If the public listing of Saudi Aramco ever happens, it will be the largest stock market listing ever. That's if you believe the Saudi energy ministry, who claimed the company should be valued at four times the size of Apple – at an almost incredible $2 trillion. Such a bullish valuation has generated a mixed reaction from analysts.
Riyadh however is in salesman mode – with oil prices looking low for the foreseeable future and reserves, although large, sure to be run down as fresh oil starts to run low. Part of its economic modernisation programme, which is sluggish to say the least, is to begin privatising its state owned oil assets. Only a fraction – between five and seven per cent, is likely to hit the market, but with such a big prize on offer, there is already an unseemly scramble to gobble up the deal.
Aramco's crude reserves of about 260 billion barrels are ten times those of Exxon Mobil Corp – while Bloomberg reports that its daily production of ten million barrels is "more than the domestic output of every US oil company combined". So large is this company that Exxon, Apple, Berkshire Hathaway and Google combined would look small in comparison.
Three stock exchanges are seriously pushing to host this mega-IPO – London, Tokyo and New York. Tokyo recently played their hand. In a meeting with Deputy Crown Prince Mohammed Bin Salman Al-Saud in Tokyo, Prime Minister Shinzo Abe offered concrete assistance with Saudi's broader modernisation plans. Meanwhile Japan's Mihuzo, the only Japanese bank already with a branch in Riyadh and the fourth biggest lender to its private sector, is offering its banking services to Saudis in a bid to have a seat at the table when IPO day comes (no doubt at a very good price), and it is not alone amongst Japanese financiers.
A listing in Tokyo, which need not be exclusive, is an outside shot compared to New York, but the House of Saud are said to be looking on in disapproval at the rise of potential president Donald Trump,and his anti-Muslim rhetoric. To be the custodians of the grand mosque and then leap into bed with a deliberate Muslim-baiter would hardly sit well with their public or more importantly the clerical establishment. Wall Street will be fuming – always a good thing – and the third hopeful, London, is looking to cash in.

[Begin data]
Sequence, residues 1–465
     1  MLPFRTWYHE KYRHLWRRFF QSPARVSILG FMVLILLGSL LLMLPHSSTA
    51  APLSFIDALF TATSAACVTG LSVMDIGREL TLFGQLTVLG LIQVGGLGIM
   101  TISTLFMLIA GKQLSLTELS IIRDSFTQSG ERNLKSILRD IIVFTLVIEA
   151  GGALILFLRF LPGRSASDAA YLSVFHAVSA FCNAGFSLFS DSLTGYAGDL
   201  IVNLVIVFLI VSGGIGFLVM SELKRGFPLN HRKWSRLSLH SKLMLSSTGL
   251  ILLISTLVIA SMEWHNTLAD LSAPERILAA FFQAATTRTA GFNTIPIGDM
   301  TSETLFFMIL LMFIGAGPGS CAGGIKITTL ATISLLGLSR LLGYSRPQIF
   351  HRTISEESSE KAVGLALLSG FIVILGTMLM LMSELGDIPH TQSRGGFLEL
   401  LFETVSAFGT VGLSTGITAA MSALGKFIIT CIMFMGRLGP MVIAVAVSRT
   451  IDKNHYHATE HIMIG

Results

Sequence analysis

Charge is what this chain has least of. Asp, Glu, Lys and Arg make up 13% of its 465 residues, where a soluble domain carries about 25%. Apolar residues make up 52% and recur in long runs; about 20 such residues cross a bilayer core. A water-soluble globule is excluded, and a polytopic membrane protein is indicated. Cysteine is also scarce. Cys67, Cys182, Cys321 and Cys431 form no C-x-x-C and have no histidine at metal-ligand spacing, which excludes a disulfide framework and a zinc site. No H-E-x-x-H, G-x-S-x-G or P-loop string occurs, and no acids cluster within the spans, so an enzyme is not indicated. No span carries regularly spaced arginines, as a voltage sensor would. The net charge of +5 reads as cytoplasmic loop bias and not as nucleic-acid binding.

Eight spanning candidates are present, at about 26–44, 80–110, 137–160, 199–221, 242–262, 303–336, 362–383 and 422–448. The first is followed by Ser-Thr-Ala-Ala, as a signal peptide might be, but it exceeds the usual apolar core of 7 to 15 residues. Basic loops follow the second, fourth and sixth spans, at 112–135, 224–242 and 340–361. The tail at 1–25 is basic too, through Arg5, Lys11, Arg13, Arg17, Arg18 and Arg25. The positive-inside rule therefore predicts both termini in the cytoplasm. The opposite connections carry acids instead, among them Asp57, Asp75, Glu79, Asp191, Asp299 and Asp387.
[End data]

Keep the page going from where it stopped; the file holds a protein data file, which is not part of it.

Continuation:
A while back I wrote about how British politician and former oilman Alan Duncan had missed out on becoming Middle East minister because of his strong views on Israel. The man who kept the job – Tobias Ellwood – also happens to be a former senior business manager at the London Stock Exchange. Old chums there will be hoping Ellwood can convince the Saudis of the benefits of a London listing – while the new Prime Minister Theresa May will surely use any listing as a boost for Britain's temperamental post-Brexit economy.
Is this company really worth $2 trillion? Latest reports from the International Monetary Foundation have continually stressed that political stability is the single biggest risk to the global economy this year – and Saudi Aramco, and its oil reserves, are based right next to a full on war that already threatens to spill over into southern Saudi Arabia. Few analyst reports I've seen seem to have priced this in. At the end of last month, Yemeni rebels claimed to have fired several missiles at Aramco facilities just over the border – although Aramco deny this. State-controlled Saudi media, according to a worried report on OilPrice.com, did acknowledge one missile strike from Yemen, which caused a fire at an electricity sub-station in Narjan.
There is also the possibility of oil running out sooner than Saudi salesmen are making out. One peer reviewed academic study recently estimated "peak oil" could come by 2023. Canny stock market buyers will also be buying from a desperate customer – giving them leverage on the price. This week, Saudi Arabia is cancelling $20 billion of public projects because they are running out of cash, giving buyers of Aramco significant leverage. Some analysts seem to think Saudi Arabia's low tax system applies to Saudi Aramco and therefore makes the investment appealing; in fact nobody knows how much Aramco is asked to hand over to the increasing costs of running Riyadh's sprawling public sector, even if these hand-outs aren't "taxes" per se.
In fact almost nothing is known about the workings of this secretive company – from executive pay to exact operation costs (other than extraction itself – which is low) to middle management capabilities. The oil price staying as low as it is isn't helping – hedge fund speculation is recently depressing prices further, but the broader structural problem is that demand is going down and down as developing economies' growth slows. That is not a problem that goes away easily.
Certainly a $2 trillion valuation makes an interesting headline, but the proof will be in the pudding. Saudi Arabia has bet the house on the Aramco listing, particularly as other privatisation plans have – as I have previously reported – become embarrassing failures, but the unseemly scramble to win the IPO has only just begun.
The views expressed in this article belong to the author and do not necessarily reflect the editorial policy of Middle East Monitor.